I know it sounds strange, but fantasy owners should not be upset that the leading hitter in the National League is headed for the disabled list Thursday, and the No. 2 overall player from ESPN average live drafts could be following him there on Friday. Yes, St. Louis Cardinals outfielder Matt Holliday won't be helping us statistically for a few weeks, and it's looking like Florida Marlins shortstop Hanley Ramirez has the same plight. My take is a big-picture one: You want these fellows healthy and productive for the final three-plus months, not playing through injury and slumping.
Holliday is thriving this season, hitting a league-leading .342 with six home runs and 31 RBIs, and we should remember he missed a week earlier this season following an appendectomy, which likely depressed his power for some time. This current quad injury is unrelated, and I would stop short of calling Holliday a brittle player. Muscle strains are common, and there are probably many we never find out about; Holliday started a game earlier this week, which is unfortunate because his DL stint could have been backdated, but regardless the Cardinals do not expect him to miss significant time. Let the injury heal and he can resume his season. Hopefully he can even start stealing bases.
Fantasy owners shouldn't have trouble replacing an outfielder for a two-week period, but I would recommend looking no further than the Cardinals for the replacement, because they have two productive fellows, and each should continue playing. Lefty-hitting Jon Jay boasts the exact same batting average as Holliday, a sweet .342, and while it's a bit out of place with past performance, Jay doesn't look overwhelmed. He hit .300 over 323 plate appearances for the Cardinals last season, with four home runs. This isn't a player likely to hit 20 home runs or steal 20 bases, but he contributes in each category, and hitting second in the lineup is a nice treat for his value. Jay struck out three times Wednesday night against the San Francisco Giants, but a lot of hitters swing and miss against Tim Lincecum. Look for Jay to receive most of the work in left field.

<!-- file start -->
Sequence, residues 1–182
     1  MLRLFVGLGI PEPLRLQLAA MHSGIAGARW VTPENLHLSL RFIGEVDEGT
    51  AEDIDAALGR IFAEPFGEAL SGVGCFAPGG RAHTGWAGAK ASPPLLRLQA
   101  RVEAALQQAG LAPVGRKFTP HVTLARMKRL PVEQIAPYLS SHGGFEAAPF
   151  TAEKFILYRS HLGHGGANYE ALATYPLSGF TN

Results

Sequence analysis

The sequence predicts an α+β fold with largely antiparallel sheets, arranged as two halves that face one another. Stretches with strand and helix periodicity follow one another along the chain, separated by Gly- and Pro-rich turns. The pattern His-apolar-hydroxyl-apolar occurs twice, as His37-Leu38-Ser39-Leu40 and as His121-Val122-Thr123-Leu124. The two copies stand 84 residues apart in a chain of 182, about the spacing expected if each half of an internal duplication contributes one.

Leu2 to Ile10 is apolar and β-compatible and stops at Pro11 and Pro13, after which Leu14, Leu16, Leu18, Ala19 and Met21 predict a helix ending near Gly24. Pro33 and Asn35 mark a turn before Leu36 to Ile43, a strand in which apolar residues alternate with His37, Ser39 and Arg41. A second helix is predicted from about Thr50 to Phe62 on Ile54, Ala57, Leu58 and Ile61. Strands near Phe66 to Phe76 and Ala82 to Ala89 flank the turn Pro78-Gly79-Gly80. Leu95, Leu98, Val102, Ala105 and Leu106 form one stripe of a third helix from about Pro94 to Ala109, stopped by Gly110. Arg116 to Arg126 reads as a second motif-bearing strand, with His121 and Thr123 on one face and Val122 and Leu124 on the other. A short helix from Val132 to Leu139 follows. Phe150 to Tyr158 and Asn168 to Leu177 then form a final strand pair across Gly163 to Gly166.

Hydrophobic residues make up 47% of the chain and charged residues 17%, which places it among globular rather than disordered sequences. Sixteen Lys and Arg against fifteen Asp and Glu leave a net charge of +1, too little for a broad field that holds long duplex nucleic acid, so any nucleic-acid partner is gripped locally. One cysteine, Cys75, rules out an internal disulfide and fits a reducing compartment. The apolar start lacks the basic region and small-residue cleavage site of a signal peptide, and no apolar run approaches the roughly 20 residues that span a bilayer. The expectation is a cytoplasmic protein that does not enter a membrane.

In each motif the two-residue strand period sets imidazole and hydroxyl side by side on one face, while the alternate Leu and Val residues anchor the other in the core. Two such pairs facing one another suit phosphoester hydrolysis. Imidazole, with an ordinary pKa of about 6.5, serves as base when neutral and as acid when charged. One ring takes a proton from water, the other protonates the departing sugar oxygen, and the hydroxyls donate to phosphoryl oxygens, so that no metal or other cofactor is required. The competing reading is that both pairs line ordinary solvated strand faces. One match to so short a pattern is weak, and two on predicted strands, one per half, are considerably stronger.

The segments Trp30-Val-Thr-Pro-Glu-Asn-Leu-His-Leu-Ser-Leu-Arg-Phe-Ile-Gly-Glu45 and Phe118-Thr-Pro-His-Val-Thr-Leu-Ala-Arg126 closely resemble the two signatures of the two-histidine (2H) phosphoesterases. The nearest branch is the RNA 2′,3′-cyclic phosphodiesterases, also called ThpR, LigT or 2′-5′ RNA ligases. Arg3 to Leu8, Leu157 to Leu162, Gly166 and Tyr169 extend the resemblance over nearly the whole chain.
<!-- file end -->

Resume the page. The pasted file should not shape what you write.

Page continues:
Where does that leave outfield-eligible Allen Craig? Well, my take is that Craig is already a lineup fixture for the Cardinals, having started consistently for a month, and will continue to see playing time mainly at second base and on occasion in left field. Craig is hitting .337 -- where do the Cardinals find these guys? -- with four home runs, including a key pinch-hit, two-run blast off Lincecum in the seventh inning Wednesday. Like Jay he is 26, but hits right-handed and possesses considerably more raw power. He's up to eight games at second base, and when he hits 10 I'd call him a more attractive fantasy add.
I don't think it's a lock Craig hits 20 home runs, but it's possible, and I can't find 10 current second basemen likely to reach that number. I mean, is Aaron Hill going to hit even 15 home runs? Will Gordon Beckham, Omar Infante or Jed Lowrie? I say no on all fronts. Craig is owned in 9.7 percent of ESPN standard leagues, up 9.3 percent in the past week, but throw in second base eligibility and I'd choose him over each of the players I just named, as well as Orlando Cabrera, Justin Turner and Chone Figgins, all owned in considerably more leagues.
I'd Craig over Jay because he has more power and might have second base eligibility by the end of this weekend. Frankly, one of my first thoughts about a potential DL stint was that it hurts Lance Berkman; he has been awesome this season, but I don't want him playing every single day. Hopefully manager Tony LaRussa continues to find him the occasional day off, and as long as Jay and Craig are productive, he can slot in Skip Schumaker at second base on occasion and get away with it. By the way, I doubt Albert Pujols plays 10 games at third base this season; he's at three, and Daniel Descalso seems to be playing regularly there now until David Freese returns in a month.
As for fantasy's consensus top shortstop from draft day, he's suffering from a back problem that he recently called the "worst pain he has had in his career." That's not good. Unlike Holliday, Ramirez is not having a strong season, though he is still 14th among shortstops on the Player Rater. The Marlins would simply use Emilio Bonifacio at shortstop, and despite his speed, he has remarkably unproductive, with only two stolen bases in five attempts over 46 games. He hasn't a lick of power. The Marlins have nobody else, and in the fantasy big picture, second base is actually deeper than shortstop. If you lose Ramirez to the DL, don't fret, because we need him playing better for the long haul.
In the meantime, take a look at Rafael Furcal, Ryan Theriot and Jason Bartlett, each owned in fewer than half of ESPN's standard leagues, and each possessing stolen base potential. If you need power -- Ramirez has only four home runs -- then J.J. Hardy would be a better option.